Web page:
Housing demand remains steady despite affected consumer confidence
ST. JOHN'S, April 4, 2019 /CNW/ - According to the Royal LePage House Price Survey1 released today, the aggregate home price in St. John's decreased 5.6 per cent year-over-year, to $324,955 in the first quarter of 2019.
When broken out by housing type, the median price of a two-story home in St. John's decreased 6.2 per cent year-over-year to $369,424. Meanwhile, the median price of a bungalow decreased 4.9 per cent year-over-year to $290,791.
"A relatively mild winter positively impacted the real estate dynamics in St. John's, where homebuyers at the entry-level were able to navigate through a balanced market," said Glenn Larkin, sales representative, Royal LePage Professionals 2000. "However, families looking for properties priced above the $400,000 range will find a buyer's market with good selection and less competition."
"Despite changes in the employment landscape, caused by businesses in the city closing late in 2018 that significantly affected consumer confidence, the spring is bringing a renewed outlook where first-time homebuyers will find a steady real estate market," said Larkin.
Nationally, year-over-year home prices showed moderate gains in many regions across Canada in the first quarter of 2019. The Royal LePage National House Price Composite, compiled from proprietary property data in 63 of the nation's largest real estate markets, showed that the price of a home in Canada increased just 2.7 per cent year-over-year to $621,575 in the first quarter of 2019, well below the long-term norm of approximately 5 per cent. When broken out by housing type, the median price of a two-storey home rose 2.6 per cent year-over-year to $729,553, while the median price of a bungalow rose 1.1 per cent year-over-year to $513,497. Condominiums remained the fastest growing housing type on a national basis, rising 5.4 per cent year-over-year to $447,260.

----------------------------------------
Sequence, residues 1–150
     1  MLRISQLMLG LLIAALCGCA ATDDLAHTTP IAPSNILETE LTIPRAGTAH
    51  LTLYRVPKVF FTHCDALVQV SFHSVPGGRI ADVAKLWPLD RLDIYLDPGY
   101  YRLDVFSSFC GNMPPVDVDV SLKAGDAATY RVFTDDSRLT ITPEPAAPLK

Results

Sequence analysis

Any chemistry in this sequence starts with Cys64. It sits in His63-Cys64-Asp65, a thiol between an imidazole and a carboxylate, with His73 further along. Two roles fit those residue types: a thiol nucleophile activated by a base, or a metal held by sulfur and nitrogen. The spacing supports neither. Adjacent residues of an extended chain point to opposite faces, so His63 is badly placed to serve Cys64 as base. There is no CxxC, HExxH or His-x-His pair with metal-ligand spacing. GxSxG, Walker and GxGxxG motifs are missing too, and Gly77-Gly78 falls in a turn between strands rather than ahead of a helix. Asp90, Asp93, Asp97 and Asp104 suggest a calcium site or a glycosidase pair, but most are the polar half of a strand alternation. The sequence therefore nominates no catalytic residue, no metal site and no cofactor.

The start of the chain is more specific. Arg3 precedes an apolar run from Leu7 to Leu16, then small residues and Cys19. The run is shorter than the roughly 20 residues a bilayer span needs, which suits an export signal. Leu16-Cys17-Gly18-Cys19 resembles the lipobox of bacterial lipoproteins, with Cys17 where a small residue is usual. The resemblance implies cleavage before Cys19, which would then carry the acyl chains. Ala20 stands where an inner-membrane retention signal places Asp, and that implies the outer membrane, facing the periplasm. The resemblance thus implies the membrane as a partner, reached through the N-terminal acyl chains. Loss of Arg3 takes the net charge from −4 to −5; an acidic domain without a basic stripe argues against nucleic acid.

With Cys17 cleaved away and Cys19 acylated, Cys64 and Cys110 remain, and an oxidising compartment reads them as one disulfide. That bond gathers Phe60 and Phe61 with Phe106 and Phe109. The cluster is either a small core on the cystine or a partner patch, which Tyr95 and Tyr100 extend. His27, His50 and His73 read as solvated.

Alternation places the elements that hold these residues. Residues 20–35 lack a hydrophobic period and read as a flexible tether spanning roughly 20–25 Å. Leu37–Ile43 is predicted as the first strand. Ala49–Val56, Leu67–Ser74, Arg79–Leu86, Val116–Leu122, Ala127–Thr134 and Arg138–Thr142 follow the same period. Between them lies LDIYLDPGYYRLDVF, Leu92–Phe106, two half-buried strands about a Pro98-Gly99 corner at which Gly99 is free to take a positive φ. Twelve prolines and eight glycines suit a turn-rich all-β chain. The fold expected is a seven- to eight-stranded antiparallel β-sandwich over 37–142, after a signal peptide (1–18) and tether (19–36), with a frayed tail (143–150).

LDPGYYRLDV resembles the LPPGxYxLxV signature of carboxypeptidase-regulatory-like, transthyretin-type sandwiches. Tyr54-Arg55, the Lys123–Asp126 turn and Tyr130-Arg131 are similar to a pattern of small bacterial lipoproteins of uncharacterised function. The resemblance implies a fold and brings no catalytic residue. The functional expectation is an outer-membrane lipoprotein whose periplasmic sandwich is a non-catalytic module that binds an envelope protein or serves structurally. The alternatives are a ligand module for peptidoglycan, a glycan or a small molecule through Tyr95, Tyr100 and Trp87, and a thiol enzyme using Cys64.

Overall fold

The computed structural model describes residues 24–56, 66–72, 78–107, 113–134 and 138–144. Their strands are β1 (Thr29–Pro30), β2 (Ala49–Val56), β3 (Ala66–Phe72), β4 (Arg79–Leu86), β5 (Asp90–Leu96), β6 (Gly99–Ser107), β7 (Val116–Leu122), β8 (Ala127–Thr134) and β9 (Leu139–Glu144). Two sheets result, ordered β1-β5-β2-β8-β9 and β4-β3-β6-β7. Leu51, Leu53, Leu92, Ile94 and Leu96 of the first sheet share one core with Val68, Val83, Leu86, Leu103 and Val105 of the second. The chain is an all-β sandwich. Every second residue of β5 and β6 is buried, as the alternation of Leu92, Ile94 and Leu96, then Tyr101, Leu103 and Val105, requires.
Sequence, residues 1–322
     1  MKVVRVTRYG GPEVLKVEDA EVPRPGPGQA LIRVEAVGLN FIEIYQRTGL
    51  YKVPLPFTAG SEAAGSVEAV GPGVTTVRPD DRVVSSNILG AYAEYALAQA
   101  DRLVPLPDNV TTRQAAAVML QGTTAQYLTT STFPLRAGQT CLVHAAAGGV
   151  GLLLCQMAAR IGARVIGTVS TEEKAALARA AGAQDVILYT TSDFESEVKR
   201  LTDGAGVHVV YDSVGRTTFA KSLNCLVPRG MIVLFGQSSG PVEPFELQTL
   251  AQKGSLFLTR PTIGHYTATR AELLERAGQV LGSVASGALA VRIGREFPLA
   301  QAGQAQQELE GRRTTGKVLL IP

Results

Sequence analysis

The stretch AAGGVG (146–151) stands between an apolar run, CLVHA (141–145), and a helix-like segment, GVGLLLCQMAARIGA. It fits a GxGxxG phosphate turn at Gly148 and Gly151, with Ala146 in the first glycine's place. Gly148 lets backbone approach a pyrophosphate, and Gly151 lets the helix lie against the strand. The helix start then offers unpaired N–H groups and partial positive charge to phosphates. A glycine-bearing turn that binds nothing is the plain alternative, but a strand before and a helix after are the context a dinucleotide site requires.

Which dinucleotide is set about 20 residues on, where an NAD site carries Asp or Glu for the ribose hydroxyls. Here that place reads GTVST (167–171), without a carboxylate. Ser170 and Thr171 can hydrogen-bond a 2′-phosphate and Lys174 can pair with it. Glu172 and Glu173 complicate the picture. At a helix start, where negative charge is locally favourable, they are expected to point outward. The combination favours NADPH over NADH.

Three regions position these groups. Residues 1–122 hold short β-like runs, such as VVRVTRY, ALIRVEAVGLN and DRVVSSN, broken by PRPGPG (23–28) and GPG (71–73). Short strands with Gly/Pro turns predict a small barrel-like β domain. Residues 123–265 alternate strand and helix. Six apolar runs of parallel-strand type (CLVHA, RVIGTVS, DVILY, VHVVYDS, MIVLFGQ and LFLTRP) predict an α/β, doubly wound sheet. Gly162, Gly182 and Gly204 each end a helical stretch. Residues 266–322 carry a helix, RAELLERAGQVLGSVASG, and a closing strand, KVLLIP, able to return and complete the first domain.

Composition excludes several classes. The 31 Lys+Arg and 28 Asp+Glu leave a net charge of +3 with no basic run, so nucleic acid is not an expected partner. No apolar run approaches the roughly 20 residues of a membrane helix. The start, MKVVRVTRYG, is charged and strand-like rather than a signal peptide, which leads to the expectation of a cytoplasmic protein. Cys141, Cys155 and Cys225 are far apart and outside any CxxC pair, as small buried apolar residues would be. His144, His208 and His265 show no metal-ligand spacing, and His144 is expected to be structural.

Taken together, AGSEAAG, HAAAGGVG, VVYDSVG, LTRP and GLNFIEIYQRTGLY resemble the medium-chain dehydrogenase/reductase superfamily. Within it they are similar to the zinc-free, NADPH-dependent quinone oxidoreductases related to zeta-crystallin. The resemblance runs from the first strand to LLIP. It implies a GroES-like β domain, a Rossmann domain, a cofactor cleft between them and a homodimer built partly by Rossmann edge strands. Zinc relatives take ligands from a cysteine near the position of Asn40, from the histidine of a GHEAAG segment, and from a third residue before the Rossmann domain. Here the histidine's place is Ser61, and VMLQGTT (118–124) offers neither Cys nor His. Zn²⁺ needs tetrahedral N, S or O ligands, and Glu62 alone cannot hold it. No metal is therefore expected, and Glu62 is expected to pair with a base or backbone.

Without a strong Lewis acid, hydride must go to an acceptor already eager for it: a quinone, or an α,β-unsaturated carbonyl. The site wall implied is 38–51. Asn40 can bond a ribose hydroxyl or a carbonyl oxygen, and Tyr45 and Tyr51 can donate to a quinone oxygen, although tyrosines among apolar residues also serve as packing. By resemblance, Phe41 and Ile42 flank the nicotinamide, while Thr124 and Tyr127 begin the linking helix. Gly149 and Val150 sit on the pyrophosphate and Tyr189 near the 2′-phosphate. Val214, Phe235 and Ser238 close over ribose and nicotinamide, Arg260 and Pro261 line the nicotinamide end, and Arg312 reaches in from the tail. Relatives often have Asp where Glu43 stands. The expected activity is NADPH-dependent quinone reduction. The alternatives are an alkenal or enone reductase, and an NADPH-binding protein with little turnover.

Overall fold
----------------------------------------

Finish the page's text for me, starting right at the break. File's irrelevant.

"We are expecting this to be a sluggish year overall in Canada's residential real estate market, with the hangover from the 2018 market correction and weaker economic growth acting as a drag on home price appreciation, balanced by lower for longer interest rates," said Phil Soper, president and CEO, Royal LePage. "There is a silver lining here. This slowdown gives buyers, and first-time buyers in particular, an opportunity to buy real estate in our country's largest cities."
1 Aggregate prices are calculated using a weighted average of the median values of all housing types collected. Data is provided by RPS Real Property Solutions.
SOURCE Royal LePage Real Estate Services
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